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Google relaxes strict bug disclosure rules after Microsoft grievances

Gregg Keizer | Feb. 16, 2015
After dust-up between the companies over bug revelations, Google offers 14-day grace period before going public.

Google today relaxed its strict 90-day vulnerability disclosure that put it at odds with rival Microsoft last month, saying it would give vendors a 14-day grace period if they promised to fix a flaw within the two-week stretch.

"If a 90-day deadline will expire but a vendor lets us know before the deadline that a patch is scheduled for release on a specific day within 14 days following the deadline, the public disclosure will be delayed until the availability of the patch," Google's Project Zero team said today in a blog post.

"Public disclosure of an unpatched issue now only occurs if a deadline will be significantly missed (2 weeks+)," the team added.

Google will also not reveal a vulnerability on weekends and U.S. public holidays, even if the timetable expires on those days.

Although Microsoft welcomed Google's modifications, it continued to disagree with Project Zero's patch-or-we-publish attitude. "While it is positive to see aspects of disclosure practices adjust, we disagree with arbitrary deadlines because each security issue is unique and end-to-end update development and testing time varies," said Chris Betz, senior director of the Microsoft Security Response Center (MSRC), in a statement today. "When finders release proof-of-concept exploit code, or other information publically before a solution is in place, the risk of attacks against customers goes up."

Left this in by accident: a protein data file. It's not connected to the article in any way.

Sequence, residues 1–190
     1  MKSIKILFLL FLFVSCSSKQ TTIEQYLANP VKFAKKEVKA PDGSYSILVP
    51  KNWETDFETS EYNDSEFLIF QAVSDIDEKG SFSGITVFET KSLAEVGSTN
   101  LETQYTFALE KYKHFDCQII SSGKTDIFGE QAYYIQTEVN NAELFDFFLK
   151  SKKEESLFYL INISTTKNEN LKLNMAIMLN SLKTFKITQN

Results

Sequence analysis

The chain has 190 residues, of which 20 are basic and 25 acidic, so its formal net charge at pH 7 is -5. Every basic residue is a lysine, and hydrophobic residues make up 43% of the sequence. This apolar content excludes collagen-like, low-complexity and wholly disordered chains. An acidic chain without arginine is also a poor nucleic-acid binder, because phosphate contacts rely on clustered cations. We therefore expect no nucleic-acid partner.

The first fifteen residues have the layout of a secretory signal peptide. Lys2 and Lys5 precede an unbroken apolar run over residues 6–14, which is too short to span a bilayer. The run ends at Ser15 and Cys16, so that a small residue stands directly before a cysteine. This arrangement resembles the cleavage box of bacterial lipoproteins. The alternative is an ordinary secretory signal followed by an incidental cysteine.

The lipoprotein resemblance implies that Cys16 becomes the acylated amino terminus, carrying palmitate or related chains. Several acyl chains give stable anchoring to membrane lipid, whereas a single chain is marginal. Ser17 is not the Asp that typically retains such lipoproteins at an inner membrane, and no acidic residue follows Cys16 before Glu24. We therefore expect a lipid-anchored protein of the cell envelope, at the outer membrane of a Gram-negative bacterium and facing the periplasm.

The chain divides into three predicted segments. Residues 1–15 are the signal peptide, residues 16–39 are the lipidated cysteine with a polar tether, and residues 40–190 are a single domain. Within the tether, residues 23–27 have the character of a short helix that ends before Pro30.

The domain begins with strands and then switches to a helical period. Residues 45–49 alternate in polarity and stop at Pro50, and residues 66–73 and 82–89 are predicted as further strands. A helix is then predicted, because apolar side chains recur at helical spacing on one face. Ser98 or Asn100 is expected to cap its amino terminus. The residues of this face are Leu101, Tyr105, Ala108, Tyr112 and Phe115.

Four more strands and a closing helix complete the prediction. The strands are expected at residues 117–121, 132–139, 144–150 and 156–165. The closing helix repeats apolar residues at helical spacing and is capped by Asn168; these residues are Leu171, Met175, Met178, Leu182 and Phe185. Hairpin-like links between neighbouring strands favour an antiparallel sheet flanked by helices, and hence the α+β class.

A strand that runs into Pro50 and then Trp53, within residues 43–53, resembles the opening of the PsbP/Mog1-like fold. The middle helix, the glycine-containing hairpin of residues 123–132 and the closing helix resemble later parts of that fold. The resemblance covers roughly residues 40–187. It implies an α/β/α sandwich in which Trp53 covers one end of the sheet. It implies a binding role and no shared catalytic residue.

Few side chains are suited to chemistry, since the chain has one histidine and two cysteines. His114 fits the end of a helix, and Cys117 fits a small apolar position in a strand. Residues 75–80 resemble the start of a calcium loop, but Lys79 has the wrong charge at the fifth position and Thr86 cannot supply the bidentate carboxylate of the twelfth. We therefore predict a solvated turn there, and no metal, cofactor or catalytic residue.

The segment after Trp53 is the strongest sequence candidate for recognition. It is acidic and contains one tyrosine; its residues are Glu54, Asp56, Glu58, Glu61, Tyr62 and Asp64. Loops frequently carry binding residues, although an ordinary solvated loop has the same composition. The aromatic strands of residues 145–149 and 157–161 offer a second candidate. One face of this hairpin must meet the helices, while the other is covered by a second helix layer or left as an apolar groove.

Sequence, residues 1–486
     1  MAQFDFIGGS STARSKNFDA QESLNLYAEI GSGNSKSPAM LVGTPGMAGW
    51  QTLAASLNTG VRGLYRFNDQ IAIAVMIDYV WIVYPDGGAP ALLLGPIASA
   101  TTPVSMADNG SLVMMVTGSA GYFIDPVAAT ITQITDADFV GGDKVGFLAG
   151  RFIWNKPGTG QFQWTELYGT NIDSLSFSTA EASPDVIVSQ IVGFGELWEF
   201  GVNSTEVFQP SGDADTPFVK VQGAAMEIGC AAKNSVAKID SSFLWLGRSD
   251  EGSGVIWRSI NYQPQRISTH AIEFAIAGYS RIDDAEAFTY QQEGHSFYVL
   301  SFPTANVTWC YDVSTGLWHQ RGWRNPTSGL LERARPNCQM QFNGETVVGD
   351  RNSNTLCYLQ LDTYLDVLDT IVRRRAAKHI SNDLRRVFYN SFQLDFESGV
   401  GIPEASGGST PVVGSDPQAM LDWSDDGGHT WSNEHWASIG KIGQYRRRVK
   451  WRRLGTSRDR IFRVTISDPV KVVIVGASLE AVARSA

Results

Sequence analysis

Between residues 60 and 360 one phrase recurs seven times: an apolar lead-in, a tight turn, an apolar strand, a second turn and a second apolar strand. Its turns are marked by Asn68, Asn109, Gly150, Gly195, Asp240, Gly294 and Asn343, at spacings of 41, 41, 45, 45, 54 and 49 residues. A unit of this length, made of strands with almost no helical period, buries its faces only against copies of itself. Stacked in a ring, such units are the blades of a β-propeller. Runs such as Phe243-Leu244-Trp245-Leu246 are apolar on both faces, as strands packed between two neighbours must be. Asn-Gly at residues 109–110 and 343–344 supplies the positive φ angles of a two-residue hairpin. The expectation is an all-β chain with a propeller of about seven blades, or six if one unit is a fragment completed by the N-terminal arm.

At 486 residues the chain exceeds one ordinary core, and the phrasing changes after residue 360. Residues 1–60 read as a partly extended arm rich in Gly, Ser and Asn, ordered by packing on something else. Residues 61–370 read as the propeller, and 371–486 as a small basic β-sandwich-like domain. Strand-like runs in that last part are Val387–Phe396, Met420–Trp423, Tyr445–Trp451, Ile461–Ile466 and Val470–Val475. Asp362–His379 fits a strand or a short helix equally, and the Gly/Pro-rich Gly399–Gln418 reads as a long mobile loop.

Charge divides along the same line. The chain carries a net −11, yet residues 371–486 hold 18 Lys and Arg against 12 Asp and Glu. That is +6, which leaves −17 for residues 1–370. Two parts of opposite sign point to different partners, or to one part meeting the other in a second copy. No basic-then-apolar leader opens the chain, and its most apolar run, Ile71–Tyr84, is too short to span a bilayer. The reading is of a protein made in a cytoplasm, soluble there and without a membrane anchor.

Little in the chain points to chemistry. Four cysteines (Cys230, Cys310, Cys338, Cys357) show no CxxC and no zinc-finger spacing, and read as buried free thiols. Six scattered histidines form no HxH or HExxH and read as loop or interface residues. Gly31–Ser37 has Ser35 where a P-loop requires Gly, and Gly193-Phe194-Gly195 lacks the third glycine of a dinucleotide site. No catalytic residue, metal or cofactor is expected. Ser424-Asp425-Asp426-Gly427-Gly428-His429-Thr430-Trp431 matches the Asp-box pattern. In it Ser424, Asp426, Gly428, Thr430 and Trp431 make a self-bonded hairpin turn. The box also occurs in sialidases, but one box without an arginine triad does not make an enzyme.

"These were the right things to do," said Andrew Storms, vice president of security services at New Context, a San Francisco-based security consultancy, in a Friday interview. "Weekends and holidays are obvious. It's true that the bad guys never sleep but you have to account for those days. And I like the grace period idea. It shows that Google is communicating with vendors."

Project Zero is composed of several Google security engineers -- including many of its most notable researchers -- who investigate not only the company's own software, but that of other vendors as well. Previously, its policy was to start a 90-day clock when it reported a flaw to an outside vendor, then publicly posted details and sample attack code at the expiration if the vulnerability had not been patched.

Over several weeks starting on Dec. 29 2014, Project Zero revealed numerous bugs in Windows before Microsoft patched them.

That quickly drew the ire of Microsoft. After Project Zero disclosed a Windows vulnerability on Jan. 11 -- two days before Microsoft was set to patch it -- the latter lashed out.

"We asked Google to work with us to protect customers by withholding details until Tuesday, January 13, when we will be releasing a fix," said Betz said at the time. "[Google's] decision feels less like principles and more like a 'gotcha,' with customers the ones who may suffer as a result."


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